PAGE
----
The American Opportunity Tax Credit is a partially refundable tax credit first detailed in Section 1004 of the American Recovery and Reinvestment Act of 2009.
The act specifies:
- Provisions were originally specific to tax years 2009 and 2010, later extended, and finally made permanent by the Bipartisan Budget Act of 2015, for the first 4 years of post-secondary education.
- Increases the Hope Scholarship Credit to 100 percent qualified tuition, fees and course materials paid by the taxpayer during the taxable year not to exceed $2,000, plus 25 percent of the next $2000 in qualified tuition, fees and course materials. The total credit does not exceed $2500.
- 40% of the credit is refundable.
- This tax credit is subject to a phase-out for taxpayers with adjusted gross income in excess of $80,000 ($160,000 for married couples filing jointly).
The act directs several Treasury studies:
- Coordination with non-tax student financial assistance;
- Coordinate the credit allowed under the Federal Pell Grant program to maximize their effectiveness at promoting college affordability;
- Examine ways to expedite the delivery of the tax credit;
- With the Secretary of Education, study the feasibility of requiring including community service as a condition of taking their tuition and related expenses into account.
Maps, Directions, and Place Reviews
Originally proposed by President Barack Obama to help students and families pay for post-secondary education, the proposal called for a $4000 credit in exchange for 100 hours of community service. The stated goal of the credit was to, "cover two-thirds the cost of tuition at the average public college or university and make community college tuition completely free for most students."
H.R.106: The American Opportunity Tax Credit Act of 2009
On January 6, 2009, Congressman Chaka Fattah introduced H.R.106, The American Opportunity Tax Credit Act of 2009.
In brief, the proposed act specified
- Any full-time college or university student is eligible.
- According to the IRS, the American Opportunity Credit cannot be taken by a taxpayer if he has a felony drug conviction.
- A $4000 refundable tax credit in exchange for 100 hours of community service. This information is not supported by the link below. This proposal was not passed.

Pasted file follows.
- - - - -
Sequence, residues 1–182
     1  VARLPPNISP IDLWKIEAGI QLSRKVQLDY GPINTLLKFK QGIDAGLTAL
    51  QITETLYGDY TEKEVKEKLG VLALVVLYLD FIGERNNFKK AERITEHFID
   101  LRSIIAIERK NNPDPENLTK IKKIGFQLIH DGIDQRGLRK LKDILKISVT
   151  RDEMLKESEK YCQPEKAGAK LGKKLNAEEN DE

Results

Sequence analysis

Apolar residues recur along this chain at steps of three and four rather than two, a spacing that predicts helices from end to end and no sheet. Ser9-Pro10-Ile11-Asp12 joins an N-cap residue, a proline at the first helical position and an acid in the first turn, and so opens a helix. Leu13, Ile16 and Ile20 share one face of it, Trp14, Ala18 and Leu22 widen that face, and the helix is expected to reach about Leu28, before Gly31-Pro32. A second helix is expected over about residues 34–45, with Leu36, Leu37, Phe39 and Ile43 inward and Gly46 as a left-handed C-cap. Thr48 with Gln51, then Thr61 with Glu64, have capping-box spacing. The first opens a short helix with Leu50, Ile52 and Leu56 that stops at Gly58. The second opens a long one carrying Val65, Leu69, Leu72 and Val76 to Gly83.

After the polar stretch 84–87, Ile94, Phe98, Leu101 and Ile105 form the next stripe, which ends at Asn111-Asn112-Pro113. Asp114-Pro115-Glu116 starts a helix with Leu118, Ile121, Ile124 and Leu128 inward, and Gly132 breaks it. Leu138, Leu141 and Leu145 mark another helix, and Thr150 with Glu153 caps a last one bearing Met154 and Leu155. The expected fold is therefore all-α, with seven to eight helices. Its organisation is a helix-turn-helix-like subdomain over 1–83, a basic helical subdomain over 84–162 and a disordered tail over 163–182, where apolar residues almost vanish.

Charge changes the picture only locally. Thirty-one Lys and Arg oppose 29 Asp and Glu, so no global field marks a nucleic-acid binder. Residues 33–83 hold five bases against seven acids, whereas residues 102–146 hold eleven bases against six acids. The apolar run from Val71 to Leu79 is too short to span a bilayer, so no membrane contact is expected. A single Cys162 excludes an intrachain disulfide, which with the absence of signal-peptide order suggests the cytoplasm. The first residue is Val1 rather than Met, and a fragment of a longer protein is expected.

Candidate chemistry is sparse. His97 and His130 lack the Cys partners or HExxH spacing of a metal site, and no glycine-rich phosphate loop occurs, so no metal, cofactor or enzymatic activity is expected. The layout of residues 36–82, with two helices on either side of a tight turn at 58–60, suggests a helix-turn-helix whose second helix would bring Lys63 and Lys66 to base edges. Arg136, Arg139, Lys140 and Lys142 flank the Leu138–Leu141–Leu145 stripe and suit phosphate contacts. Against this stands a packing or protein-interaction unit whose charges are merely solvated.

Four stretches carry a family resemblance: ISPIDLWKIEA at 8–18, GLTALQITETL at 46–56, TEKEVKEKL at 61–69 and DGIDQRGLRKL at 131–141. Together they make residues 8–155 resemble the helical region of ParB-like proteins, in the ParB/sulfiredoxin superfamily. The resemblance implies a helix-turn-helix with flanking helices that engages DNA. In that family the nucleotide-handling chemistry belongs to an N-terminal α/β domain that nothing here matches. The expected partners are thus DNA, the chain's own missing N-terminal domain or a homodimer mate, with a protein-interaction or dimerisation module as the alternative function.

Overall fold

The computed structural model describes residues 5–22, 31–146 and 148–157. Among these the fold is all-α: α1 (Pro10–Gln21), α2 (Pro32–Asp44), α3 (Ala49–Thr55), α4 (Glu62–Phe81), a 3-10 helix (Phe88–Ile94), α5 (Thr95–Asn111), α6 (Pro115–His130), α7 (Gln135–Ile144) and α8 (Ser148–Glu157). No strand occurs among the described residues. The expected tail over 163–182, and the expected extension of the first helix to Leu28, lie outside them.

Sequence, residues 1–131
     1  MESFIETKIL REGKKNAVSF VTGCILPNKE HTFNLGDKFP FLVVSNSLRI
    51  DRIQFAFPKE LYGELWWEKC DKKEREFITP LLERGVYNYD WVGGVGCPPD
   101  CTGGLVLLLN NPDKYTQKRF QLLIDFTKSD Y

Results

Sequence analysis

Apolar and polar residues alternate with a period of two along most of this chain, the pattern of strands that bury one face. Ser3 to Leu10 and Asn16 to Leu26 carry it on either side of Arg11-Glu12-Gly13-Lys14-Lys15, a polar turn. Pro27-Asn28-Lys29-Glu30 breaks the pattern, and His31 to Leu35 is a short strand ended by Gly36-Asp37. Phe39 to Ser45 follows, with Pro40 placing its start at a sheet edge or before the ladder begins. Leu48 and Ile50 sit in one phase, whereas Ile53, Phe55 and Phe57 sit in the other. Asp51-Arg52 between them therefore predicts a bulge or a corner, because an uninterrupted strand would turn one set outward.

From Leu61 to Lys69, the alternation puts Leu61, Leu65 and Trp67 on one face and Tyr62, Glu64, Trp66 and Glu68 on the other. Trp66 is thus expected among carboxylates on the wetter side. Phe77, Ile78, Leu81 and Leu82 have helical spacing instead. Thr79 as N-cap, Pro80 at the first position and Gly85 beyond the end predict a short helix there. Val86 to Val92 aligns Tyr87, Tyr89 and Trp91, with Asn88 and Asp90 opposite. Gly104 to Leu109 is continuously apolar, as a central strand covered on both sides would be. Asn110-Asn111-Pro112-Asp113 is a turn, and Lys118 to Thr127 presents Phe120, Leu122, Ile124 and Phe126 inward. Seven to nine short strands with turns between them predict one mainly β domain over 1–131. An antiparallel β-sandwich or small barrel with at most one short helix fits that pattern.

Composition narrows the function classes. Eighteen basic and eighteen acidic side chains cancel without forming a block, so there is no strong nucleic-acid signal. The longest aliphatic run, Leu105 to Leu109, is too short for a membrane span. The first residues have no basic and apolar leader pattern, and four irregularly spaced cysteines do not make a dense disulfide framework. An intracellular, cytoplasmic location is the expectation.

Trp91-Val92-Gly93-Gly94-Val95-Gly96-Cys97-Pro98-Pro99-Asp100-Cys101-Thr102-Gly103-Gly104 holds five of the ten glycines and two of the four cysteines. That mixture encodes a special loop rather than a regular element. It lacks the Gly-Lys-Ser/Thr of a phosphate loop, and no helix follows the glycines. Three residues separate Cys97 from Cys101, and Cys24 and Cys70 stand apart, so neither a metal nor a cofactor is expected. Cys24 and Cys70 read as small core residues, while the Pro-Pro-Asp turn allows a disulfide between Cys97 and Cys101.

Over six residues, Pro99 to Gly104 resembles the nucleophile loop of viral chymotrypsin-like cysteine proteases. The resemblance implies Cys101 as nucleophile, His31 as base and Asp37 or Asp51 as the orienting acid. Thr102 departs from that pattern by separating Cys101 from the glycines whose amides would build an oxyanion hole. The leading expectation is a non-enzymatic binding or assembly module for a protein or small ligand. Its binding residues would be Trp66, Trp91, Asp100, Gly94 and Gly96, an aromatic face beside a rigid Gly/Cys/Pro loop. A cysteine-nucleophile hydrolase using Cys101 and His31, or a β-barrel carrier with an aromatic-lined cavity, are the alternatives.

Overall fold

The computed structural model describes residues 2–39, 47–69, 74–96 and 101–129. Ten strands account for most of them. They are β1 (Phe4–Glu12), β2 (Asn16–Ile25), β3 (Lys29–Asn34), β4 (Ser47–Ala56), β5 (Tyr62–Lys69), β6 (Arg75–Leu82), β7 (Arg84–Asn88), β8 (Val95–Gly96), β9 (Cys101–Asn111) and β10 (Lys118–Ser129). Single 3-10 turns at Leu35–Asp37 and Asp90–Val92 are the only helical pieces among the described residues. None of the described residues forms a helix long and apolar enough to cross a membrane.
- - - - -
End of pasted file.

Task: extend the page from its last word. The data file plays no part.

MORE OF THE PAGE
- Community service must be with either a governmental unit, hospital, or 501(c)3 organization. This information is not supported by the link below. This proposal was not passed.
- The Secretary of Education will be responsible for verifying community services requirements. This information is not supported by the links below. This proposal was not passed.
On January 27, 2009, in the Rayburn House Office Building, Congressman Fattah convened a Congressional Roundtable, "Igniting Public Service and Securing College Access: the American Opportunity Tax Credit, H.R. 106". The panel was keynoted by Former Senator Harris Wofford and included Karen Kaskey (PennSERVE), Michelle Cooper (Institute for Higher Education Policy), David Baime (American Association of Community Colleges), Quyen (Arana) Wickham (K20 Center, University of Oklahoma), and Reginald Williams (Benjamin Banneker Academic High School).
H.R. 4853: Tax Relief, Unemployment Insurance Reauthorization, and Job Creation Act of 2010
The Tax Relief, Unemployment Insurance Reauthorization, and Job Creation Act of 2010 (Pub.L. 111-312, 124 Stat. 3296, H.R. 4853), was passed by the United States Congress on December 16, 2010 and signed into law by President Barack Obama on December 17, 2010.
Among other things, the bill extends the American Opportunity Tax Credit for tax years 2011 and 2012.
The Bipartisan Budget Act of 2015 made the American Opportunity Tax Credit permanent.
American Credit Restoration Video
The Student and Family Tax Simplification Act (H.R. 3393; 113th Congress), a bill that passed the House on July 24, 2014, would amend the Internal Revenue Code to consolidate several different education tax incentives into an expanded American Opportunity Tax Credit. The American Opportunity Tax Credit, under this legislation, would provide a maximum credit of $2,500.
Critics have complained that complexity and restrictions on eligibility make the actual benefits per post-secondary student much lower than the theoretical maximum, and that even with tax credits and other subsidies, higher education remains tax-disadvantaged compared to other investments.
Source of the article : Wikipedia